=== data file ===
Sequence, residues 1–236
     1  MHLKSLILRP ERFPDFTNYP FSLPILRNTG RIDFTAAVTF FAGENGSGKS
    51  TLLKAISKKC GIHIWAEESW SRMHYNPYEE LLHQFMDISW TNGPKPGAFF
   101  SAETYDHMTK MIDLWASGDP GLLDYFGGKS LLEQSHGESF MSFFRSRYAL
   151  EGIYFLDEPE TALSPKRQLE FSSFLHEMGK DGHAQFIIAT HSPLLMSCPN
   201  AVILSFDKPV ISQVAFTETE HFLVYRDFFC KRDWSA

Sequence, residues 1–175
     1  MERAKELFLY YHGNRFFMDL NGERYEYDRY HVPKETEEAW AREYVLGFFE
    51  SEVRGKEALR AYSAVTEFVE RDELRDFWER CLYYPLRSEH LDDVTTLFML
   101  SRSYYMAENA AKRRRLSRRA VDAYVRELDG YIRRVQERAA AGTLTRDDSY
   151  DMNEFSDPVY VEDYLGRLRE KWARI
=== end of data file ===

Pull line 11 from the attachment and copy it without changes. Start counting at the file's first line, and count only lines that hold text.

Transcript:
   151  DMNEFSDPVY VEDYLGRLRE KWARI